There’s been a recent surge in TV shows exploring the world of aspiring comedians, but don’t assume that they feel like they’re in competition with each other. In fact, “Crashing” star Jamie Lee is, in her own words, “obsessed” with Amazon’s “The Marvelous Mrs. Maisel.”
And she’s not the only cast member of the HBO comedy, executive produced by Judd Apatow and inspired by Pete Holmes’s own stand-up journey, who likes the Golden Globe-winning series about another young comedian, coping with the adultery of a spouse.
“I think it’s fantastic,” Holmes told IndieWire during a sitdown with the cast and producer Oren Brimer at SCAD aTVfest earlier this month. “I haven’t seen all of it, but [‘Mrs. Maisel’] is doing a great job.”
“Crashing” features Holmes as a comic who embarks on a life of couch-surfing after he discovers that his wife is cheating on him; now midway through its second season, Pete has built up some success on stage, but is still floundering in his personal life, especially when it comes to his relationship with fellow comedian Ali (Lee).
Of course, when Pete first finds out that his wife is cheating on him, he goes out and ends up bombing on stage while trying to talk about it — which is the opposite of what happens with Mrs. Midge Maisel (Rachel Brosnahan).
Brimer noted both similarities and differences, saying that “I think it’s so interesting because it’s very similar in story structure to ours — a person finds out they were getting cheated on and they go do standup right away. And that’s where we diverge. We show a potentially more realistic version that’s like, ‘Oh no, it’s terrible. You don’t have an act about it yet so you’re probably not going to do great.’ But for her, it’s all about her emotion and it’s unlocked at that point.”
It was even a direction that Holmes and the writers considered going, with the character’s first big set following his breakup. Holmes didn’t think it was unrealistic that a comedian could have a great moment on stage after an emotional set-back like that. “I’ve had breakups where I go up and talk about it,” he said. “But we really wanted to dig in that Pete stinks, and everything’s going to happen as close to real time as possible. The show’s called–“
Lee jumped in. “‘Crashing,’ not ‘Flourishing.'”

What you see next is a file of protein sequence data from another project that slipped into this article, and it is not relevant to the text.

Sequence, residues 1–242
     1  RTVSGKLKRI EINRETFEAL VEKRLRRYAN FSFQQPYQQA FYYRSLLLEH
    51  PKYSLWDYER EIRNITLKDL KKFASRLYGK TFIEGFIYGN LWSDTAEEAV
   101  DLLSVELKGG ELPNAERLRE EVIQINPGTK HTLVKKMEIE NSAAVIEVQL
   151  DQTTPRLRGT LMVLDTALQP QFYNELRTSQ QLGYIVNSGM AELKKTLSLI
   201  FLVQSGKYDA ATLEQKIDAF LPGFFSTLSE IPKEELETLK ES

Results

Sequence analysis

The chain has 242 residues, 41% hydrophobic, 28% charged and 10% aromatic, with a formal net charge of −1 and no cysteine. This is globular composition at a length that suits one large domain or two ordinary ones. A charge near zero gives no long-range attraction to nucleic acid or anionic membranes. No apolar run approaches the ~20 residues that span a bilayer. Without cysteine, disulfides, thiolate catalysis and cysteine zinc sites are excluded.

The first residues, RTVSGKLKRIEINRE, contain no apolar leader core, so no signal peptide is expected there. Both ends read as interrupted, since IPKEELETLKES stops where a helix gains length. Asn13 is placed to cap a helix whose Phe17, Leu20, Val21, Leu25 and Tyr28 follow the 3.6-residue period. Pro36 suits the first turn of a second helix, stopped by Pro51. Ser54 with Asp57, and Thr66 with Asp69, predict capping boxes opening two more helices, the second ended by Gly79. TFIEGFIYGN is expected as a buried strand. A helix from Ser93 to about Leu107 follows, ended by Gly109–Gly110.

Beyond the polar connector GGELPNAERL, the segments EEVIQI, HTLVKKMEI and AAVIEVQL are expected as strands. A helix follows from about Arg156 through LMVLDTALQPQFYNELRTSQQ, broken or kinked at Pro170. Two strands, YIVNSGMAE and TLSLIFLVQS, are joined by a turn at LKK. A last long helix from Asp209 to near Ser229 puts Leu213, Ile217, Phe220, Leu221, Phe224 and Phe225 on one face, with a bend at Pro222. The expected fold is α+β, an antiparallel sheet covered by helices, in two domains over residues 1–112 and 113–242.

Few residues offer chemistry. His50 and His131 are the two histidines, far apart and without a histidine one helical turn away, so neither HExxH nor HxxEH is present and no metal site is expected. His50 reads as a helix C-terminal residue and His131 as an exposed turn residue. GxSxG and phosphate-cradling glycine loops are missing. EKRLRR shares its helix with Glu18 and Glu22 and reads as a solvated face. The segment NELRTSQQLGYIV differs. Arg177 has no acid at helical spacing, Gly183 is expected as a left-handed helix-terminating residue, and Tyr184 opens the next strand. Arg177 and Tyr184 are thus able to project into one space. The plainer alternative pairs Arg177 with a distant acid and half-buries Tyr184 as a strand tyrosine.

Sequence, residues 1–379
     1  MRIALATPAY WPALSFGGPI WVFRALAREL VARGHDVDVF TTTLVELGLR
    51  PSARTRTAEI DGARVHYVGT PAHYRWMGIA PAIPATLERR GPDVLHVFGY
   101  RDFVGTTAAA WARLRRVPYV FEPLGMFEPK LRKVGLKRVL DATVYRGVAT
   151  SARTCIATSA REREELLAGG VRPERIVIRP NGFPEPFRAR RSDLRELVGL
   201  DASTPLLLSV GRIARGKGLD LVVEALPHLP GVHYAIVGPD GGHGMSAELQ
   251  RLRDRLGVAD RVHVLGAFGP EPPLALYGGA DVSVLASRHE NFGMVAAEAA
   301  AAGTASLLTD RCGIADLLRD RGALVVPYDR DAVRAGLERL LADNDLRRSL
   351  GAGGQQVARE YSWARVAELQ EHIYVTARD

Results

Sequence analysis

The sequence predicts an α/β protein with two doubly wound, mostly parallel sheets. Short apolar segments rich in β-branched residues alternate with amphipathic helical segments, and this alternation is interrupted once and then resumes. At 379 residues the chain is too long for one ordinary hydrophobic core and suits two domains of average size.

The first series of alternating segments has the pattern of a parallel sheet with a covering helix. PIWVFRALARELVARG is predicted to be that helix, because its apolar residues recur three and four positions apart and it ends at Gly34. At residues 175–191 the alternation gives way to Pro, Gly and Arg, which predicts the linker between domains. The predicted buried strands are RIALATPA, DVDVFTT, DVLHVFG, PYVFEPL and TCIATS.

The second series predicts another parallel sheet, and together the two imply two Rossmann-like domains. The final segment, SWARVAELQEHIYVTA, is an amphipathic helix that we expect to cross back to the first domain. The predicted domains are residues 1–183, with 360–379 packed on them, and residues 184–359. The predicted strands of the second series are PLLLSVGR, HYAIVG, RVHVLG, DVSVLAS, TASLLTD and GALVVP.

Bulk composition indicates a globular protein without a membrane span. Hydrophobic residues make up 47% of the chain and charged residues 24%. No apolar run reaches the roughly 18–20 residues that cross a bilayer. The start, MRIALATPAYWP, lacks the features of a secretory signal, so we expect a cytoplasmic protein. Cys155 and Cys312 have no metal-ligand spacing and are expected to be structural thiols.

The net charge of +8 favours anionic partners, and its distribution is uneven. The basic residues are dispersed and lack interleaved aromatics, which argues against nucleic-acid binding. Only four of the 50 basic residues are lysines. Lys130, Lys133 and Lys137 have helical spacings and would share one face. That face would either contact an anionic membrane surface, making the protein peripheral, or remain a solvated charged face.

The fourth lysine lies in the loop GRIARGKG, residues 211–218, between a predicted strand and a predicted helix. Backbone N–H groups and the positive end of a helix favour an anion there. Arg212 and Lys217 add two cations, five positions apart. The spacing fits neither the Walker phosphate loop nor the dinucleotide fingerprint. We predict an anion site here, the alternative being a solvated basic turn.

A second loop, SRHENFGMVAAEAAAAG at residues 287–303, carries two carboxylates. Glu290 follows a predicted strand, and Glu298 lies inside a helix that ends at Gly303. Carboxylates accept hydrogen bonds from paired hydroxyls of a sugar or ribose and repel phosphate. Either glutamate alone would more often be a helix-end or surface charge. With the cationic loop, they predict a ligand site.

For everyone we spoke to, it was easy to identify with their characters, given their backgrounds in comedy — not just the glamorous aspects, but the more brutal realities for those starting out in the scene.
“People seem pretty happy with it being authentic, which makes me really really happy,” Holmes said.
Fowler agreed, especially regarding one ritual we see Pete perform regularly in each episode — passing out flyers on the street, trying to get bodies into their theaters. “I used to ‘bark’ for The Comic Strip from the Upper East Side, and the barking scenes are — that shit’s real man,” he said.
“It’s visceral,” said Lee.
“You meet a lot of really fucked up weird people and you meet a lot of people who think you’ve cheated them,” Fowler said. “Those scenes to me hit hard because I was in those situations a lot when I first started.”
Added Brimer, “I’ve seen a lot of shows that show people when they’ve already become very successful in stand-up, but I think our show does a good job of showing what it’s like when you aren’t a household name and you aren’t making money at it and you’re just grinding at it.”
Lee, as Ali, represents a part of the New York alt comedy world, which she said was “something I was very familiar with.”
It was a deliberate choice, according to Holmes. “As much as we can use people that are actually stand-up — writers all the way up — I think that’s what hopefully gives the show an authentic feel.”
In fact, much of the action was driven by improv, something which Fowler appreciated. “‘Crashing’ was my first scripted TV gig. And for the first season, I was playing Russell, and I was memorizing my lines for the role and I was so nervous cause I was like ‘Fuck fuck fuck fuck fuck fuck I don’t want to ruin the scenes and shit.’ So I get there and Pete and the director are like ‘Okay, so just wing it, do your thing.’ I was like ‘YES!’ Yeah man, that’s all I can do, just be myself. It was the best fucking feeling ever.”
Said Holmes in response, “It’s like a show made by us about us. It’s like the FUBU of shows.”
Lee said that she’d been asked if Ali was essentially a version of herself, which she didn’t necessarily think was true. “I feel like when I watch her on screen she’s so much more confident and self-assured than I was when I was starting out,” she said. “I feel like I would act confidently on stage but it was all an act. With her, I actually believe that she believes in herself, which is a refreshing thing to see on TV.”
“We need more of that,” Holmes said. “We need more women like that. We need lady bosses.”
And for Lee, that includes “Mrs. Maisel,” which she reiterated she found inspiring. “Even though it’s supposed to be the late 1950s, there are so many things that she goes through as a stand-up, as a girl stand-up, that feels so relevant and applicable to what I went through, which is crazy because of the time gap,” she said. “But I watch it and I’m like, I can’t even point to specific moments, but I feel like it hits me in my gut in a very real way. I didn’t expect to feel that, considering it was the 1950s.”
That speaks to why stories about stand-ups continue to be popular year after year. A man or a woman walks to a mic, with one goal: make you laugh. Times may change, but the joy and terror of that moment remain universal.
“Crashing” Season 2 airs Sundays at 10:30 on HBO.